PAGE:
COVID protest organizer stands firm

Blayone won’t change views despite sick family member

Susan Thompson
South Peace News

The organizer of a Peace River protest against the UCP government’s approach to COVID-19 that also included anti-mask signs says he is not going to stop despite a close family member getting diagnosed with the illness.

Bob Blayone organized a protest of about 15 people on Aug. 29 and has been promoting a similar “celebration of rights and freedoms” Sept. 27 in Grande Prairie.

Some of Blayone’s other close family members attended his protest, where no one wore masks. Protest attendee Marcie Lafontaine held a sign that said, “Hugs Not Masks.”

Blayone believes the rights, freedoms and civil liberties of Albertans are being violated in the name of public health. He has stated online that “this is not a pandemic” and called mask pushers “angry and controlling.”

“It would be very hypocritical and disingenuous of me to stop advocating against the COVID public health orders of the day, because someone very close to me experienced health complications brought on by COVID, that being pneumonia,” Blayone says.

While he says his family member did not end up in ICU, “As I have acknowledged all along, COVID does cause health complications such as pneumonia, as all coronavirus and influenza strains do.”

Blayone speaks from personal experience.

“I, myself, suffered a debilitating health complication from influenza when I was 38 years old. I recovered, but it was not fun.”

Influenza is often cited in discussions in online groups that also spread misinformation about vaccinations and the novel coronavirus. Experts say COVID-19 is more contagious and serious than the flu, and appears to have long-term effects in some percentage of cases such as lung scarring, brain damage, and heart damage. New evidence shows it often causes blood clotting which may lead to heart attacks or strokes.

While so far COVID-19 appears to be more deadly than the flu, any fair comparison with the flu is difficult since unprecedented measures have been taken to prevent the spread of the novel coronavirus. Medical experts in Canada are recommending Canadians get their flu shots to avoid overloading the healthcare system as flu season begins, while a vaccine for COVID-19 doesn’t yet exist and may not be widely available until 2021.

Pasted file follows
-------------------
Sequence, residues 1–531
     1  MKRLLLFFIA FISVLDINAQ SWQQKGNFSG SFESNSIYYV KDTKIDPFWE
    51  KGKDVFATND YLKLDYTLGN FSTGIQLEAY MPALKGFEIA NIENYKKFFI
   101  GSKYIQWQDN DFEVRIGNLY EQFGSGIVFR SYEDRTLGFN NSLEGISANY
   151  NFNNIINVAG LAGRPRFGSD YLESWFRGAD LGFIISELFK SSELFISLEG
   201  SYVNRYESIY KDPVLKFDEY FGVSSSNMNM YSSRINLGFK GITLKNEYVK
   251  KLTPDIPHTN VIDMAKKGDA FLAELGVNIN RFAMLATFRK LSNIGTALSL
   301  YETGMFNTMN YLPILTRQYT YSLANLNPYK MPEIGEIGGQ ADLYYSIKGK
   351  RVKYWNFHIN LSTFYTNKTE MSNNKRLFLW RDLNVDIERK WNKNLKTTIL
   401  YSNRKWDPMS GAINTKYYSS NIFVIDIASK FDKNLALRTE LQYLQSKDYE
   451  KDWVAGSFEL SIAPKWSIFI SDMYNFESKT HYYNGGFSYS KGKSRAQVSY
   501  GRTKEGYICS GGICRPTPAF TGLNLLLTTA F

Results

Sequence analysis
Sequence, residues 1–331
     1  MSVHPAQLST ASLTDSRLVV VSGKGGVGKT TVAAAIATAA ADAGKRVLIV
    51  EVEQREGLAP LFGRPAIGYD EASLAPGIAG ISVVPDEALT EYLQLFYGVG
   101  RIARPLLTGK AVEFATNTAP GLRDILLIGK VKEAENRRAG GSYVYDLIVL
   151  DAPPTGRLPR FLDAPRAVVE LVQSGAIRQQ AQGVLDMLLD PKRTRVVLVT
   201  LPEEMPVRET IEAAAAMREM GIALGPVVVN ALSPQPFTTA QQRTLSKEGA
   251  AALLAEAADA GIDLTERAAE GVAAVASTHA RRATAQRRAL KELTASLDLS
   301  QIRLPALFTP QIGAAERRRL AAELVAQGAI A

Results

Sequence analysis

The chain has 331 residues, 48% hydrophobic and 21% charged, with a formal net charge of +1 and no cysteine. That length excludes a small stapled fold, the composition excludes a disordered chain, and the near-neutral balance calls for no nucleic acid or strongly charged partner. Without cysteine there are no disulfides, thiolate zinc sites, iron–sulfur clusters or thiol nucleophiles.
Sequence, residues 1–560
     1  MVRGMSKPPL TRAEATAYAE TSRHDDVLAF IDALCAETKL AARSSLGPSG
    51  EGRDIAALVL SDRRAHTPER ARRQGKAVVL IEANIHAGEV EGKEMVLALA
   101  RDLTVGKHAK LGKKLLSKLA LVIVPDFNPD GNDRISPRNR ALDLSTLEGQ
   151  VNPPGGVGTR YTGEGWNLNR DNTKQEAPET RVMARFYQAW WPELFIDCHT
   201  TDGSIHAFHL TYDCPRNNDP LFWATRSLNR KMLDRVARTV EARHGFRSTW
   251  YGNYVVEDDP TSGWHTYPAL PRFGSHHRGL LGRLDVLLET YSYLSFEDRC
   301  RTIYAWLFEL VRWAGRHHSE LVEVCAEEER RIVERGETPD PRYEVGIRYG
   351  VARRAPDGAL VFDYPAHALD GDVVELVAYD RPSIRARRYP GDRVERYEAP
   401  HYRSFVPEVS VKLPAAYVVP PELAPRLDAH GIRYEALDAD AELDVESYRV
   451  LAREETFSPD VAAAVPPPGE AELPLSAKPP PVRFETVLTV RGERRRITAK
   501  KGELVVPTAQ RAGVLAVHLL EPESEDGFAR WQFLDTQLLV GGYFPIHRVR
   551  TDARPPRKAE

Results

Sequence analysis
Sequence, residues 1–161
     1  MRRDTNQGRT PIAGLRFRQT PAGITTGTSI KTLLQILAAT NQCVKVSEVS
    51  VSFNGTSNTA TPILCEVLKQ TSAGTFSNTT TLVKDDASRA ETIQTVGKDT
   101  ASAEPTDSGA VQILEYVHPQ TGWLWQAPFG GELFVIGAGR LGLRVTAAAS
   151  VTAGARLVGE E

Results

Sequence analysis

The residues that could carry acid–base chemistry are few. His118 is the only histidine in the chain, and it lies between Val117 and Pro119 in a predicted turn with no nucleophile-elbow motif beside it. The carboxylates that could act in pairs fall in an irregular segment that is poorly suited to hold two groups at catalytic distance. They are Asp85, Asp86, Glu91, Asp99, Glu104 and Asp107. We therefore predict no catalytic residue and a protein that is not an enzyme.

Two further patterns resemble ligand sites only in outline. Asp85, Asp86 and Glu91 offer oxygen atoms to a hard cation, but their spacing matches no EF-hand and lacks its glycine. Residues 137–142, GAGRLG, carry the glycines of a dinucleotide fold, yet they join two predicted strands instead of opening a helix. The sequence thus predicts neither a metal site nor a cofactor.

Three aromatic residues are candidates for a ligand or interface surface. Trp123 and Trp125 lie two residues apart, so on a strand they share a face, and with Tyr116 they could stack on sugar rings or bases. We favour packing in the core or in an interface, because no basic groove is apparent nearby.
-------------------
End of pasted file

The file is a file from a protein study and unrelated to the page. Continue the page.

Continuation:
Blayone regularly takes to social media to downplay the risk of the virus, often citing the work of renowned medical researcher Dr. John Ioannidis to support his belief that lockdowns are unnecessary. Ioannidis has clarified his views in recent interviews but they remain controversial within the larger medical community, where the consensus is that lockdowns and social distancing are important measures to reduce the spread of the novel coronavirus.

The issue of whether or not to make masks mandatory has divided the community, with anti-mask advocates chiding mask wearers for “living in fear” and mask advocates accusing anti-maskers of lack of compassion for others. So far, Peace River town council has focused on education rather than mandating masks in town.

Blayone says having a family member hospitalized has not changed his opinion on the risks of the new virus.

“It does not change my point of view one bit. Because many more people are being harmed very badly by the ongoing COVID public health measures,” Blayone says.

Blayone adds he is more concerned about the mental health challenges of the pandemic such as anxiety and depression, as well as substantial increases in suicide, domestic abuse, substance abuse, and trauma to children.

“Furthermore, the isolation of our beloved seniors, locked away like prisoners, given no freedom of choice on the matter is appalling,” he says.

Alberta’s Chief Medical Officer of Health, Dr. Deena Hinshaw, relaxed the rules for long-term care home visits in July, allowing two support people from among family and friends to visit seniors indoors.

However, some facilities have recently had to lock down to visitors again due to rising cases in the local community.

“Lastly, the economic fallout and devastation has also been substantial,” Blayone says.

“[Premier] Jason Kenney pegs that at 15 per cent, which is very debatable and many suggest that figure is much higher. Even at 15 per cent, that is still a lot of jobs, jobs which could save lives and feed families.

“We need every single job opportunity.”

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